FlickrHere at CafeMom, our research has found that moms are very worried about the rising costs of health care and health insurance.

In an effort to address these concerns, President Obama signed health care reform legislation into law in March of 2010. Although the Supreme Court is expected to decide on the validity of this law in June, some provisions of the law already have gone into effect, changing the face of American health care ... and leaving a lot of people very, very confused about what it all means.

That's why later on this week, I'll be talking with Mayra Alvarez. She is the Director of Public Health Policy in the Office of Health Reform at the U.S. Department of Health and Human Services, and she has the answers (we hope!) to all of your health care reform questions.

Leave your question about the new health care law in the comments of this post and I'll do my best to address it during the interview!

Moms' concern about health care coverage is entirely understandable. Some mothers worry about whether they can afford to take their children to see the doctor. Others worry about the high costs of their prescription medication. Still others can't afford health insurance, and worry about a catastrophic illness or injury.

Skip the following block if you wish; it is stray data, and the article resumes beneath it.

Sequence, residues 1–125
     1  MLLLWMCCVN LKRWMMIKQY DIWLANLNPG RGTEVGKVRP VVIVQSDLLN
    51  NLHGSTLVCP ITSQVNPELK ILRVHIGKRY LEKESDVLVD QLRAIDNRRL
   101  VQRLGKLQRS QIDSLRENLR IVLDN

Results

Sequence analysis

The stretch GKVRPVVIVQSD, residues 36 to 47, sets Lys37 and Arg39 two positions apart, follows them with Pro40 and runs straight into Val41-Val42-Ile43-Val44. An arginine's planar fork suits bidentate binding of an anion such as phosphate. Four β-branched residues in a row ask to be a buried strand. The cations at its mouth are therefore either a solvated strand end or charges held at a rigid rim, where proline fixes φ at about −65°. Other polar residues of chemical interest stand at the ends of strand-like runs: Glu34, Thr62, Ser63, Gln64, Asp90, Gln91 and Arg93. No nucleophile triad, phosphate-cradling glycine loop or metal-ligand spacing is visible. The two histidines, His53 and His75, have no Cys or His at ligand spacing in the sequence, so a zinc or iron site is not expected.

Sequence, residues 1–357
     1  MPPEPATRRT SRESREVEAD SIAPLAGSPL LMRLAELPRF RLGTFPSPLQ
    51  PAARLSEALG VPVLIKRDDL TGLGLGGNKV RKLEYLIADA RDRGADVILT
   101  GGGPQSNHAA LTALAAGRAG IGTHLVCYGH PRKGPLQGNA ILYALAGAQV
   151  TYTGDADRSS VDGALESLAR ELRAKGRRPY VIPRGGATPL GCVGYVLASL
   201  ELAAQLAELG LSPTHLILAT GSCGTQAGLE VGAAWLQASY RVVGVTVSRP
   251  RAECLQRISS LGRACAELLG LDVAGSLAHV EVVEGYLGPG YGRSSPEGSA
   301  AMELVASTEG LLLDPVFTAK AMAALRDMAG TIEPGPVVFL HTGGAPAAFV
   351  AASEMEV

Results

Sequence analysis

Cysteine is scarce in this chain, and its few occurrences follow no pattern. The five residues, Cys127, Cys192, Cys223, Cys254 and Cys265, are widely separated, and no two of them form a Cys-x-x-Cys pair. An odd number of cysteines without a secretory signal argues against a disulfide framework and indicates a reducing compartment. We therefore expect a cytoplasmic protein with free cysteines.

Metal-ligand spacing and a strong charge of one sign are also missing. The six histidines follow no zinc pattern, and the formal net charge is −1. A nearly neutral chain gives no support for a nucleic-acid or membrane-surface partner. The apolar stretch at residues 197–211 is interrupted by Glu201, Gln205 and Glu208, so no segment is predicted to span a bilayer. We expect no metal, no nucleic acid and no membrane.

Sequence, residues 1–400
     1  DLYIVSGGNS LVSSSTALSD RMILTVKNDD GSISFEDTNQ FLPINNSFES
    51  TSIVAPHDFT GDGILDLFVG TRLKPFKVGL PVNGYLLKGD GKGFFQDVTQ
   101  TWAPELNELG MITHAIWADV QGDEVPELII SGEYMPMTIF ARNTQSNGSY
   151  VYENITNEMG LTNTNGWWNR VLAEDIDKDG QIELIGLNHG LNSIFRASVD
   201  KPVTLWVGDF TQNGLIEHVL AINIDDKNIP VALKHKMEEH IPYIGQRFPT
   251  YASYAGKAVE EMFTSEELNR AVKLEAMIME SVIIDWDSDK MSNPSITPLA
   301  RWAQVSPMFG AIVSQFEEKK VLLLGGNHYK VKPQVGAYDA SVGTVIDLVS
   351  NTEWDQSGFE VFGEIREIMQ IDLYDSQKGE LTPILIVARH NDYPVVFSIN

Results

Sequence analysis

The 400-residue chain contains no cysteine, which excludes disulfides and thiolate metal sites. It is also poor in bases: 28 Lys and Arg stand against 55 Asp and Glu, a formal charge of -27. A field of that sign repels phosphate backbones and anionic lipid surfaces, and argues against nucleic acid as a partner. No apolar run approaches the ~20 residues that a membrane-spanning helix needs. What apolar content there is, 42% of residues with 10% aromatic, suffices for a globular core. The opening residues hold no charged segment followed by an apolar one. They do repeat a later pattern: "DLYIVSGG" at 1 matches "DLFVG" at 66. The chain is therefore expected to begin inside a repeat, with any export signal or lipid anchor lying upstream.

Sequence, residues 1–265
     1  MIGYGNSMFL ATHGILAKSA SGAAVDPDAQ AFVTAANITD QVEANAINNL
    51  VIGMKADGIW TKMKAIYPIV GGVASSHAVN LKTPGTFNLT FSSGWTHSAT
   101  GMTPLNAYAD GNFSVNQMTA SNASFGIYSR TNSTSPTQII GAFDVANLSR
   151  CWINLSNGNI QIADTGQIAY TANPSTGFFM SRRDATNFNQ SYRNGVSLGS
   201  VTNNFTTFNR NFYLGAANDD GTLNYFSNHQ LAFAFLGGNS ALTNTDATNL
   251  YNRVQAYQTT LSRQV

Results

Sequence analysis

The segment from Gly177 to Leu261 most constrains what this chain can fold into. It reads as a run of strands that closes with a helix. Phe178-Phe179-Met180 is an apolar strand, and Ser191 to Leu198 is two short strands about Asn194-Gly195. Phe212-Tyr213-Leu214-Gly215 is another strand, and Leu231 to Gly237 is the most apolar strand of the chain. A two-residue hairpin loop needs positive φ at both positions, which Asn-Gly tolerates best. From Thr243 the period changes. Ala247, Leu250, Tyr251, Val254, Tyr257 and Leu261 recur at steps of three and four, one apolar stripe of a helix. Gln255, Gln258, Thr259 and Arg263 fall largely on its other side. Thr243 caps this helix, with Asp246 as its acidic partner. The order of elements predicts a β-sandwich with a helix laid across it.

The new Affordable Care Act is designed to change health care over a four-year period, with the final changes taking place (depending on the Supreme Court ruling) by 2014. If you're looking for the specifics on what is changing, this site is a great resource that explains the changes in an easy-to-understand format.

Proponents of the ACA say it's already making a difference. This from The Maddow Blog:

Much of the Affordable Care Act won't take effect until 2014 -- assuming it survives until then -- but several provisions that have already been implemented are having a positive impact.

The health care law (1) is combating fraud and abuse, which in turns saves Americans quite a bit of money; (2) has brought coverage to 2.5 million young adults; (3) is delivering major savings to seniors on prescription drugs; (4) is giving a boost to small businesses through ACA tax credits; (5) has slowed the growth of Medicare spending; (6) has provided new treatment options for cancer patients; and (7) has offered new coverage protections for those with pre-existing conditions.

But the new law has a large number of detractors as well. Termed 'Obamacare' by Republicans, every GOP presidential candidate has pledged to repeal it if elected to office. Why?

There's certainly a lot here to think about.

So tell me ... what are your thoughts about healthcare reform? What are your questions? What are your biggest concerns?

Image via Rosmary/Flickr